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Revolving doors on Wall Street

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  • Cornaggia, Jess
  • Cornaggia, Kimberly J.
  • Xia, Han

Abstract

Credit analysts often leave rating agencies to work at firms they rate. We use benchmark rating agencies as counterfactuals to measure rating inflation in a difference-in-differences framework and find that transitioning analysts award inflated ratings to their future employers before switching jobs. We find no evidence that analysts inflate ratings of other firms they rate. Market based measures of hiring firms' credit quality further indicate that transitioning analysts' inflated ratings become less informative. We conclude that conflicts of interest at the analyst level distort credit ratings. More broadly, our results shed light on the economic consequences of revolving doors.

Suggested Citation

  • Cornaggia, Jess & Cornaggia, Kimberly J. & Xia, Han, 2016. "Revolving doors on Wall Street," Journal of Financial Economics, Elsevier, vol. 120(2), pages 400-419.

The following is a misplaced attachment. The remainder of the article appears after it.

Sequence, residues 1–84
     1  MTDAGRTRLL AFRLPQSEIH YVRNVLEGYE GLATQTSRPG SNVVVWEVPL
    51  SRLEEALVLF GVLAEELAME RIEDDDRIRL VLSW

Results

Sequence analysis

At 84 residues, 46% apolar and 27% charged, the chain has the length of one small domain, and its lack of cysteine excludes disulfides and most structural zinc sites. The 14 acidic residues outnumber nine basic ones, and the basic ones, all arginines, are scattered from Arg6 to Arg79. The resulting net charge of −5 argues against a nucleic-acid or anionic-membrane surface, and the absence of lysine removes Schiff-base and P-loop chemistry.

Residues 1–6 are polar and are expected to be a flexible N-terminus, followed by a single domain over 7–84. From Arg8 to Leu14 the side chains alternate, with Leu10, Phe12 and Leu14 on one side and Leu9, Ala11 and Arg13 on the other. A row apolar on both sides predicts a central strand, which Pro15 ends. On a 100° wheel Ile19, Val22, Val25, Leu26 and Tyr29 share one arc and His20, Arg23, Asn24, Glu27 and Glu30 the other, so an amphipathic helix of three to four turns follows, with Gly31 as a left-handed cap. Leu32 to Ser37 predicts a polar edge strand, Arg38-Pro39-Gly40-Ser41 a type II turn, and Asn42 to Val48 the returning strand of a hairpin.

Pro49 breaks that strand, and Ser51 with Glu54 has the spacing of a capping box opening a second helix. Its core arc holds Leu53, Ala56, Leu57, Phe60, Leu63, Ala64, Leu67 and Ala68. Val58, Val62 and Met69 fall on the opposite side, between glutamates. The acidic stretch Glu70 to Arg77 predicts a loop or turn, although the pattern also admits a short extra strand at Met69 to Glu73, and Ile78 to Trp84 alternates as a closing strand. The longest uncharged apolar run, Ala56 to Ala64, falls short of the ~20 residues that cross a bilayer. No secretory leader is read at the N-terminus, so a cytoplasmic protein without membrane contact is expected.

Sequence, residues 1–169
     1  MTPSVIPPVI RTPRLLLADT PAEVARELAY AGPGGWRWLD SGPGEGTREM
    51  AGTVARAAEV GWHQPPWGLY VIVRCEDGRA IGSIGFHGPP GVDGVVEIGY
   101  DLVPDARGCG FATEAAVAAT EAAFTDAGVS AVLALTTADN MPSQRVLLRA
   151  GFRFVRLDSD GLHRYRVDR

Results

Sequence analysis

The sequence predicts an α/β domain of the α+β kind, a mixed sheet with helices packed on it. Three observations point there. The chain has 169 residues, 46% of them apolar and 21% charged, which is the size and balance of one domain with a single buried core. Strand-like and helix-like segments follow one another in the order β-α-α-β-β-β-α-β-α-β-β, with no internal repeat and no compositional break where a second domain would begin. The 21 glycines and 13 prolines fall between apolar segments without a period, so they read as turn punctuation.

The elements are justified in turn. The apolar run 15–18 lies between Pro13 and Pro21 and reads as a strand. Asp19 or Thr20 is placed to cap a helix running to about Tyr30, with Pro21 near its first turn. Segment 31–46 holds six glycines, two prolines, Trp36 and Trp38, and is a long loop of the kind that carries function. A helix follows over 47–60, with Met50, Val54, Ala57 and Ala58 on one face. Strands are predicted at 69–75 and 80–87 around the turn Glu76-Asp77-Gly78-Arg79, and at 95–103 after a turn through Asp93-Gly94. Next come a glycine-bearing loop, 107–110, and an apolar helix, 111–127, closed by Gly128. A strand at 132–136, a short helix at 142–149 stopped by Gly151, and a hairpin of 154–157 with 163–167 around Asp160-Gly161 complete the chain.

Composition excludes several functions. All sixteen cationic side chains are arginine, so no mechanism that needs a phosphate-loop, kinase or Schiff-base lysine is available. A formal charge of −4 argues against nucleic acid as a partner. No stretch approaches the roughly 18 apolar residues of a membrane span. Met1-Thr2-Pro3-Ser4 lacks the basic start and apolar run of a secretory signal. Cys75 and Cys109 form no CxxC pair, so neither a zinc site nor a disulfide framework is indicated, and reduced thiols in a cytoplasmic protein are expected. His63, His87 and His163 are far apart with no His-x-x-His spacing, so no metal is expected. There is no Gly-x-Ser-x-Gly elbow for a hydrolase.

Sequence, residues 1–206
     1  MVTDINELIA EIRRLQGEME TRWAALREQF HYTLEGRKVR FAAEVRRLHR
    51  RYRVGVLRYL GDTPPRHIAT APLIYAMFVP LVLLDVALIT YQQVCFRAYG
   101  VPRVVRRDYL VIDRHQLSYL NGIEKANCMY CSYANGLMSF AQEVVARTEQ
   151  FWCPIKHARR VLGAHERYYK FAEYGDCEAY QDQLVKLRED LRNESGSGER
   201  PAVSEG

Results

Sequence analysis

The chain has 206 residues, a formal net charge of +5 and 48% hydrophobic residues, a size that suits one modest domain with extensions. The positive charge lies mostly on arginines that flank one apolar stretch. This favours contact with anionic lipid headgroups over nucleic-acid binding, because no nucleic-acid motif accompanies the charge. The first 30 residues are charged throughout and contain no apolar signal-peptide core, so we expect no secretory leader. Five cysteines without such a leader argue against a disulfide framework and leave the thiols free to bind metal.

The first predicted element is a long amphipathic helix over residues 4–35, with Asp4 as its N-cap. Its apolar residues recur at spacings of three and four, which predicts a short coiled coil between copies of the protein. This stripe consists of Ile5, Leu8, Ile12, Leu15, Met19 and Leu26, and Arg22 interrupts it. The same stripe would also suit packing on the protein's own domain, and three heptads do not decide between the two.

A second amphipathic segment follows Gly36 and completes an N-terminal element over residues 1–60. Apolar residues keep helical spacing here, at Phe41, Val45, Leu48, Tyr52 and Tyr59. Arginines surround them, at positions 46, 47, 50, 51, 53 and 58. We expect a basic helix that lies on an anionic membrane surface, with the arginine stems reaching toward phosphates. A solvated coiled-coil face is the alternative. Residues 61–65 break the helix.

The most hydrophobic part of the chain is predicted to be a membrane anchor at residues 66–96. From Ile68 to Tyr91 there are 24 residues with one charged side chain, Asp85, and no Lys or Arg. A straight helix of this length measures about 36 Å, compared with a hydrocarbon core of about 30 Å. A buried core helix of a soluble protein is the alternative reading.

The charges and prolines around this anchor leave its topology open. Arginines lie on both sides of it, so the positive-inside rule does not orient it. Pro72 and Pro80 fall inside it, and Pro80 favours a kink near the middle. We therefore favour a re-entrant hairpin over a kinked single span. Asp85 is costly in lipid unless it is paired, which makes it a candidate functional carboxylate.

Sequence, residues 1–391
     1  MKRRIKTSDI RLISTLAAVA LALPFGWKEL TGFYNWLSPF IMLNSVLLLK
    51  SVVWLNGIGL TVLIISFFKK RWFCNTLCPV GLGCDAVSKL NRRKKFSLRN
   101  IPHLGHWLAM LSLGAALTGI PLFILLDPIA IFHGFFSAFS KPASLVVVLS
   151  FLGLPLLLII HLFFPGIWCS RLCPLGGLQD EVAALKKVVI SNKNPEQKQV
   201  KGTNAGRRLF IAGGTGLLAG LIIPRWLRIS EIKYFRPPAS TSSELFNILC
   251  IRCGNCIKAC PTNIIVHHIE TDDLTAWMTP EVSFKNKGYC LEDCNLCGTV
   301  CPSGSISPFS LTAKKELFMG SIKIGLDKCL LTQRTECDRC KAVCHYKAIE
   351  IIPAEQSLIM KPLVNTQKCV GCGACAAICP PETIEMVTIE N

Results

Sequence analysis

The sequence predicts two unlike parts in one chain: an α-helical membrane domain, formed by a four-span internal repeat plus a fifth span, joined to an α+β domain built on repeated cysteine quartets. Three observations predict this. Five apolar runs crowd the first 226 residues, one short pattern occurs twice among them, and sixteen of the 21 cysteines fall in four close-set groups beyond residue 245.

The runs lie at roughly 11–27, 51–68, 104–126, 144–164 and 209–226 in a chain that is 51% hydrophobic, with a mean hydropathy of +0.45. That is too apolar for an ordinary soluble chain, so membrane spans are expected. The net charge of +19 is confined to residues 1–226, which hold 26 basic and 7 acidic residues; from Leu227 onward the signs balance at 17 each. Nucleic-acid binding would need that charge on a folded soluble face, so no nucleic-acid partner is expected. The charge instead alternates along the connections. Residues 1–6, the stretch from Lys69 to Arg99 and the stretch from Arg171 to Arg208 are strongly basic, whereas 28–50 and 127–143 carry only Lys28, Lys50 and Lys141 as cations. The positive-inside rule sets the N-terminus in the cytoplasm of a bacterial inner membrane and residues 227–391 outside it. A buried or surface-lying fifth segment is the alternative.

• Handle: RePEc:eee:jfinec:v:120:y:2016:i:2:p:400-419
    DOI: 10.1016/j.jfineco.2016.01.007
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    More about this item

    Keywords

    Credit ratings; NRSRO; Regulatory capture; Revolving door; Credit analysts;
    All these keywords.

    JEL classification:

    • G14 - Financial Economics - - General Financial Markets - - - Information and Market Efficiency; Event Studies; Insider Trading
    • G24 - Financial Economics - - Financial Institutions and Services - - - Investment Banking; Venture Capital; Brokerage
    • G28 - Financial Economics - - Financial Institutions and Services - - - Government Policy and Regulation
    • G32 - Financial Economics - - Corporate Finance and Governance - - - Financing Policy; Financial Risk and Risk Management; Capital and Ownership Structure; Value of Firms; Goodwill

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